December 27, 2018

1943. Soviets Warn of Pending Summer Fighting on the Eastern Front

The Situation on the Russian Front
Paratroopers of the Black Sea Fleet navigate through a wire obstacle during the liberation of Novorossiysk, September 16, 1943 (Photo by Aleksey Mezhuyev – source)
The parentheses indicate text that did not pass Soviet censors for military security or propaganda reasons.

(For more, see the complete 1943 Moscow reports.)
Bill Downs

CBS Moscow

May 18, 1943

President Roosevelt's special envoy to Russia, former ambassador Joseph Davies, is expected to arrive in Moscow either today or tomorrow. Mr. Davies reached Kuybyshev last night. As yet there has been no definite information here as to the purpose of his visit. The only thing we in Moscow know about the Davies mission is that he did not travel all this way merely for the ride.

The Soviet-German front was comparatively quiet again last night. Down in the Kuban, the Nazi forces have attempted a series of counterattacks but thus far have failed to pull off anything that even looks like an offensive.

Front dispatches say that these German counterattacks, however, are being made with ever increasing forces—both on the sector northeast of Novorossiysk and in the Lower Kuban river area. At Lysychansk, at the eastern end of the Donets river line, the Red Army is digging in after crossing the river and capturing important defensive positions.

(The Germans failed to push the Russians back even though they threw in substantial numbers of tanks and infantry.) Now the fighting as settled down to a 24-hour exchange of artillery, rifle, and machine gun fire. (This sector appears to be the most volatile of any front north of the Kuban. It is likely that we'll be hearing of more fighting in this area.)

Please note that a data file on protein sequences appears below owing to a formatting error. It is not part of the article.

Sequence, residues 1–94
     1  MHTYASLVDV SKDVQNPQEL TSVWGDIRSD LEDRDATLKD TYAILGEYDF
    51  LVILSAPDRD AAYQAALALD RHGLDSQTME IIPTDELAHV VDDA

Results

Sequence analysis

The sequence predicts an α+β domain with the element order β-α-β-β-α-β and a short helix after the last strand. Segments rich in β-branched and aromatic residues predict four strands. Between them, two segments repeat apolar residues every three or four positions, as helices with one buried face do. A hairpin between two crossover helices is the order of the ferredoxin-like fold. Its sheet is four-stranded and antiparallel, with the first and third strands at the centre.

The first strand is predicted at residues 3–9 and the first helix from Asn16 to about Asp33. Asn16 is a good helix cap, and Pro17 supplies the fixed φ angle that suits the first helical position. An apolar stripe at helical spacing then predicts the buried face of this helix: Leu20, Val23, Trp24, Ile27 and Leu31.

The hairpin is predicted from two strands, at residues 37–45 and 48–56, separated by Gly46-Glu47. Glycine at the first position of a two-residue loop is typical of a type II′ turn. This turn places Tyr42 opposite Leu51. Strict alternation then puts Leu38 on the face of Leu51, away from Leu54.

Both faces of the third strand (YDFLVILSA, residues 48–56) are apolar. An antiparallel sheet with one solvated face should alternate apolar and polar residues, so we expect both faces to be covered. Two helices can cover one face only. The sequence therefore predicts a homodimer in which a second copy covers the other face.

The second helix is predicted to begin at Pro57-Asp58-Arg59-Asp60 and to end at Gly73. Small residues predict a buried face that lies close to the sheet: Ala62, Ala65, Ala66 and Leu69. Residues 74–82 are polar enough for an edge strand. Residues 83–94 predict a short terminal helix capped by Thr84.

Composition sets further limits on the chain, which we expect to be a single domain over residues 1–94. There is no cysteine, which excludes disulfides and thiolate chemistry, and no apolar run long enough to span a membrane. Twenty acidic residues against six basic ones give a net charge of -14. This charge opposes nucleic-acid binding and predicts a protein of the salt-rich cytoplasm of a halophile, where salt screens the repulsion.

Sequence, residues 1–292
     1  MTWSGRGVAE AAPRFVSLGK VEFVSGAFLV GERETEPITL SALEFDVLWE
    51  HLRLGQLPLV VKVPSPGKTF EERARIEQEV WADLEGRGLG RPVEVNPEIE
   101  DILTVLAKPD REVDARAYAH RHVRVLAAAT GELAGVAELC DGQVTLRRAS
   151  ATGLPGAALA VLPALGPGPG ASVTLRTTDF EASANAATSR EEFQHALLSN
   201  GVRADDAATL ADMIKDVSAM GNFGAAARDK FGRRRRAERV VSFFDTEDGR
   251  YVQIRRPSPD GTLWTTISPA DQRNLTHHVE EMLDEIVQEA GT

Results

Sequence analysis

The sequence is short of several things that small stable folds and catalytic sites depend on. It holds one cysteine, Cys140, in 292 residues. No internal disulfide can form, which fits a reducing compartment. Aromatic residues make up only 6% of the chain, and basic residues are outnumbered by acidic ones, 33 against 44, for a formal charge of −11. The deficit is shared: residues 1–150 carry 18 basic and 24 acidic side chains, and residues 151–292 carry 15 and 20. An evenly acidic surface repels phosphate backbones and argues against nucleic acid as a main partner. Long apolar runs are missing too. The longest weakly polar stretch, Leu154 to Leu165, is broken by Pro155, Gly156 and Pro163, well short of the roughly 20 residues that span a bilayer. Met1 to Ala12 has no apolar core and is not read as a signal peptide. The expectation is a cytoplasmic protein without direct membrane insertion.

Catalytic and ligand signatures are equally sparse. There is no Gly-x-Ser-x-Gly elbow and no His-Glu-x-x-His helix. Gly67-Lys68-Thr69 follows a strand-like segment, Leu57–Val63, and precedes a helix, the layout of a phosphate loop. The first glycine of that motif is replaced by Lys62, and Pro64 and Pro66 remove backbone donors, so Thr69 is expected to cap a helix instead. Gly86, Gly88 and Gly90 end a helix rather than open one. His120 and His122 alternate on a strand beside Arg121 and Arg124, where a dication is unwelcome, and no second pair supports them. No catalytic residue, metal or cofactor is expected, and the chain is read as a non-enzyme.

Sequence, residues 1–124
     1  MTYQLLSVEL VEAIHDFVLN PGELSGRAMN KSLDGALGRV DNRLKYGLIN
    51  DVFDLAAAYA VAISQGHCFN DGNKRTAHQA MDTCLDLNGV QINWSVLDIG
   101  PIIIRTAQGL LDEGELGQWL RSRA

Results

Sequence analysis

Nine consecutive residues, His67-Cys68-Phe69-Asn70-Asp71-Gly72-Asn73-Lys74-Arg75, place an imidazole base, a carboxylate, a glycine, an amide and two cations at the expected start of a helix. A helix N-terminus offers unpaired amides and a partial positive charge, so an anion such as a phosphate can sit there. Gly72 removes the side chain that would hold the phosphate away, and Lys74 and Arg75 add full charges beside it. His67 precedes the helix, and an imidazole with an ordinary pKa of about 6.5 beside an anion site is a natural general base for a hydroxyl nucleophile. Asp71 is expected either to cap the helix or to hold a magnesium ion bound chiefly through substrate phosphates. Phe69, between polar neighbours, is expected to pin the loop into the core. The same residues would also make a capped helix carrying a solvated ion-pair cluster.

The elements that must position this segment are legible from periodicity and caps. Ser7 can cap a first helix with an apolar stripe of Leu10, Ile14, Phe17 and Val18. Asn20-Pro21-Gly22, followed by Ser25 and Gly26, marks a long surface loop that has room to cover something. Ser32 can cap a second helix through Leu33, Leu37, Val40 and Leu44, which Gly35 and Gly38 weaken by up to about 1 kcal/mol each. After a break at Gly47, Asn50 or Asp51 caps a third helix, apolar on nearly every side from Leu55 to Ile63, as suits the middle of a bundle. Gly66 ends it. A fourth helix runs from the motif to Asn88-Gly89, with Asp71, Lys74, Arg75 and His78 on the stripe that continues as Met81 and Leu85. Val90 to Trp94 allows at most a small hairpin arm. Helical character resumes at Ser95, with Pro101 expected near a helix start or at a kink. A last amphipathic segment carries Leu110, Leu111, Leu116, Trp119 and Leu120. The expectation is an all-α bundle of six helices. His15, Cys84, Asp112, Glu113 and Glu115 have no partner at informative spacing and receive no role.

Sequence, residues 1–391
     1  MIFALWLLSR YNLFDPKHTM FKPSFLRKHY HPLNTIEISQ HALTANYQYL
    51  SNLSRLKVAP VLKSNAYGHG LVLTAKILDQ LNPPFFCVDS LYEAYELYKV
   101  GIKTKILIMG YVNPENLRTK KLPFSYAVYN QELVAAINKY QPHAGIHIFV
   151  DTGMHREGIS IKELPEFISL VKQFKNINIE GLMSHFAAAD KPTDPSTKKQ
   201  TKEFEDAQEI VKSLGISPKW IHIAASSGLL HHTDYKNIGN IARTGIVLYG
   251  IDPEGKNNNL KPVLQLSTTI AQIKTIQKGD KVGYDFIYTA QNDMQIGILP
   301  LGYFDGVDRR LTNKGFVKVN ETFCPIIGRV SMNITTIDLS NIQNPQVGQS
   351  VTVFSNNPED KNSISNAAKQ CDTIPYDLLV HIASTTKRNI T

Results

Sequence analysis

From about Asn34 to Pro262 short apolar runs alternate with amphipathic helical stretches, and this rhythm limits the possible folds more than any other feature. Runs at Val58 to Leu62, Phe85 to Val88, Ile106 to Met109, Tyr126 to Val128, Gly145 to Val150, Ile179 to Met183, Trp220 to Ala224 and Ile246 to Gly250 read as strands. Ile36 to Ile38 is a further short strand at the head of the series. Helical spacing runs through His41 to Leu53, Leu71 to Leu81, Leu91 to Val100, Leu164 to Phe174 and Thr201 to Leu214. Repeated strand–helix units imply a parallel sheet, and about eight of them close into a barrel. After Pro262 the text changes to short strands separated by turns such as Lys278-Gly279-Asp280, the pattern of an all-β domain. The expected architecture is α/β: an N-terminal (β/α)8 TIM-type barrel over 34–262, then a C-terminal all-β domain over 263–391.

Another of those warnings to the Red Army and the Russian people about the pending summer fighting appears again in today's Red Star. It's about the sixth such warning to be published in the Soviet press in the past ten days. The newspaper says "the thunder of battles will be roaring soon which will require the greatest courage and energy from the Red Army. We still have to shed no small quantity of blood in order to rout the Hitlerians . . . Not one inch of native soil must be given to the enemy if he attempts to attack. Every village and house must become a fortress and bastion of defense . . ."

This is the kind of talk we heard during the early days of the war and during the defense of Stalingrad.

These warnings are designed to make the entire nation conscious of the situation at the front—a situation which, because of military security, cannot be described in detail. However, it is well to note that these press warnings make no mention of plans for the Red Army.

While it is necessary to warn people of possible military action by the enemy, the home front does not need to be told of offensive action by their own forces.

So in considering the situation on the Russian front, you must also consider the possibilities of a Red Army offensive. Such a move by the Russians is not ruled out. However, the tone of the official press the past two weeks has given absolutely no hint that such an offensive is developing.

This is Bill Downs returning you now to CBS in New York.